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This week's editor

NSS, editor

Niki Seth-Smith is a freelance journalist and contributing editor to 50.50.

Constitutional conventions: best practice

Greece and the eurozone: managing the crisis

A Greek exit from the European single currency would not bring the catharsis that some expect. Rather, it will create new challenges that can only be met with major institutional reforms - to which Germany is central, says Simon Tilford.

Bahrain: split over proposed GCC union, and chronic failure of Sunni groups to mobilize

Bahrainis of all political affiliations waited in tense anticipation as rumours of a Saudi – Bahraini union circulated days before the Gulf leaders convened in Riyadh for the Gulf Cooperation Council summit on May 14th, 2012. The summit fell short of expectations however.

New Silk Road: stabilizing Afghanistan post-2014

As Afghanistan looks to a future beyond international intervention, regional support will become ever more important.

The Alabama syndrome

The European Union is not the United States; Germany is not Massachusetts; and Greece is not Alabama, more’s the pity.

An open letter to the leaders of Europe: abandon the Euro's 'gold fetters'

European leaders need to abandon the fetters that chain them to the interests of private wealth, and threaten European disintegration.

Right to the Olympic Village: a review of David Harvey's 'Rebel Cities'

The Marxist geographer's new book on modern cities as central sites of revolutionary politics becomes a lens through which to decode London and the Olympic Games.

As the Yes to Independence campaign begins, Scotland needs a vision for self-determination

The campaign is launched today for a Yes vote in the Scottish independence referendum. Here are seven suggestions for an independence agenda that looks beyond the constitutional to embrace the economic, cultural, democratic and international.

The European Emperor has no clothes

Severe austerity measures cause malnutrition, homelessness and suicides across southern Europe. European institutions that apparently fail to protect their citizens from harm lose their legitimacy. The pro-European left should defend the values, not the institutions, of Europe and the quality of life of all its inhabitants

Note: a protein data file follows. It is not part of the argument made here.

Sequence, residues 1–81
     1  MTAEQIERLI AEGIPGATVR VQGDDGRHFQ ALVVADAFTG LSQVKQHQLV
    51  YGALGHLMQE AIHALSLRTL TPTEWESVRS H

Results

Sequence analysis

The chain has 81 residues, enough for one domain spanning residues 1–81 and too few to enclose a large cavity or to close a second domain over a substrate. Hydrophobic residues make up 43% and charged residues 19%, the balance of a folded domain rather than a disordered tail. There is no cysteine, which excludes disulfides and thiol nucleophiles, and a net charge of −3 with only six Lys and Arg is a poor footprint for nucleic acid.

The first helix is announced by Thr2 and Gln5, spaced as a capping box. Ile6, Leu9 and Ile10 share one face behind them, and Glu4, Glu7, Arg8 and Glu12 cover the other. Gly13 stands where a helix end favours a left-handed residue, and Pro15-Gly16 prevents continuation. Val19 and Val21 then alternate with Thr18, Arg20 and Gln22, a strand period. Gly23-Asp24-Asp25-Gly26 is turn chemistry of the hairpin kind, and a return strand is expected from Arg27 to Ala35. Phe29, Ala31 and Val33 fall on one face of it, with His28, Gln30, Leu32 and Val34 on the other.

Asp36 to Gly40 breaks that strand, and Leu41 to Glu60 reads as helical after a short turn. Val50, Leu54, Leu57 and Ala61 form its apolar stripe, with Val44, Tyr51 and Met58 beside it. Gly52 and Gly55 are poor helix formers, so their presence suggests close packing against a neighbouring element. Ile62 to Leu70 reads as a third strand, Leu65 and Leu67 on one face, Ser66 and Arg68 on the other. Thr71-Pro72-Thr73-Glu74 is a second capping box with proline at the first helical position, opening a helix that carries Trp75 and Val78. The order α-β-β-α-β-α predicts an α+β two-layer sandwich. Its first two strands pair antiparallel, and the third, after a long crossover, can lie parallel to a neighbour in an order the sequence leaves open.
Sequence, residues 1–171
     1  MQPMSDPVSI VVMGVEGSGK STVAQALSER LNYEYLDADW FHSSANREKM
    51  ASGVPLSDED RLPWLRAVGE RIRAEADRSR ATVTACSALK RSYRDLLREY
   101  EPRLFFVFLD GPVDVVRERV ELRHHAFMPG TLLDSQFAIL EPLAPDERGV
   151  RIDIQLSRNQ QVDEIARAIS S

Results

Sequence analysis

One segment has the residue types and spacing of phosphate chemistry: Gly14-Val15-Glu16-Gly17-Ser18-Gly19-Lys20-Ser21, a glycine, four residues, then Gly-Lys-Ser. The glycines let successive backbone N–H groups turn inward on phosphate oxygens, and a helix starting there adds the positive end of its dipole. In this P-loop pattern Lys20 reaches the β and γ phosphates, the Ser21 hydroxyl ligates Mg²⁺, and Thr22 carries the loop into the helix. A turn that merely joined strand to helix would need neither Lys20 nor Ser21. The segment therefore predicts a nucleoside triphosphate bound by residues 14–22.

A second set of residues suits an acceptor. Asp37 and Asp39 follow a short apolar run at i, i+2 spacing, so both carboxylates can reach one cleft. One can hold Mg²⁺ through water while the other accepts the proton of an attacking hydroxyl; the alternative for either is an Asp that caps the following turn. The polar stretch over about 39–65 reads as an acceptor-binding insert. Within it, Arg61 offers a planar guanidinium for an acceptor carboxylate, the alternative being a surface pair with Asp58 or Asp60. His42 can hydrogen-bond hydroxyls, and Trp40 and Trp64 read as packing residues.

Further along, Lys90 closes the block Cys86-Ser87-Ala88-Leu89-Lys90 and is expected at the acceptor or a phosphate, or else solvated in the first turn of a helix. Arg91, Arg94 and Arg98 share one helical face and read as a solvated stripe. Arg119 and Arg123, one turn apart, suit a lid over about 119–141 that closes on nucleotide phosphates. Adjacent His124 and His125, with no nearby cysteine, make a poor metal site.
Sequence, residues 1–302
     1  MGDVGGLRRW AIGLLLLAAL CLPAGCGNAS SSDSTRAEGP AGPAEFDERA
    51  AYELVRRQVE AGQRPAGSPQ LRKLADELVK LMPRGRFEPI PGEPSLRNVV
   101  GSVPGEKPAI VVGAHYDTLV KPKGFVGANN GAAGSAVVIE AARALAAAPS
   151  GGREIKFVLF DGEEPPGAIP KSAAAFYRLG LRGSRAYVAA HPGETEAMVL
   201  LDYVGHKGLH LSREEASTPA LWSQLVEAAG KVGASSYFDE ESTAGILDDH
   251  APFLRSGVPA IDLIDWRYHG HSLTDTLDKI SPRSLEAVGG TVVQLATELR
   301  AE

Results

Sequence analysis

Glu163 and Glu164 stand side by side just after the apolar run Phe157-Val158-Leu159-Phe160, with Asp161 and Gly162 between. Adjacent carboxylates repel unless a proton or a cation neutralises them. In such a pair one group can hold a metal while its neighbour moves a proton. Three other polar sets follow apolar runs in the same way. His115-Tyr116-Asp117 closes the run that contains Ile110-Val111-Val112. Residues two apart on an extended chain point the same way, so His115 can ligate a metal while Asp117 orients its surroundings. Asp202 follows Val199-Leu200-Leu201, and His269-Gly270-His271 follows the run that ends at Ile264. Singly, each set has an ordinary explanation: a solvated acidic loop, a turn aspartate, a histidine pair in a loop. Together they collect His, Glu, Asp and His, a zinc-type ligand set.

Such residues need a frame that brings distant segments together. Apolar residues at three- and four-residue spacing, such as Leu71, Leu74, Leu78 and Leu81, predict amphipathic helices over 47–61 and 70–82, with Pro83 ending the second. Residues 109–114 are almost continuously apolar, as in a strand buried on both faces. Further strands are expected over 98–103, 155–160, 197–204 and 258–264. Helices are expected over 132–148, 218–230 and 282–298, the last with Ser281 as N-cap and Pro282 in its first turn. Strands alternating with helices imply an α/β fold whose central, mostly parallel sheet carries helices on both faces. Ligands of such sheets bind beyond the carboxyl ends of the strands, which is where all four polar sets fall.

Big business under threat in Putin’s Russia?

A new president could be a new start and hope for the future, but Putin’s return to the presidency signals stagnation, rather than stability. The liberal and conservative elites are at loggerheads and the new wave of privatisation in the oil and gas sector will only exacerbate the problem, says Shamil Yenikeyeff

Football & politics: the legacy of Euro 2012 in Ukraine

Ahead of the Euro 2012 football championships, media attention on political scandal and excessive profiteering has undermined Ukrainian attempts to raise prestige in the eyes of the world. Janek Lasocki and Łukasz Jasina wonder if the hosts will eventually be able to defy critics and secure a positive legacy from the tournament.

Why the upcoming presidential election is one of the most important in US history: an interview with Theda Skocpol

This interview conducted at the Kennedy School in Boston was first published in Juncture, the new international journal of the Institute for Public Policy Research.

Russia's search for an anti-corruption model – from Sweden to Singapore

Just about everyone in Russia - the Kremlin, the opposition and most Russians in the street – agrees that corruption is one of the country’s most serious problems. Newly re-elected President Putin has promised to fight it, but where should he start, and what models in other parts of the world should he be looking at? Mikhail Loginov considers some of the possible alternatives.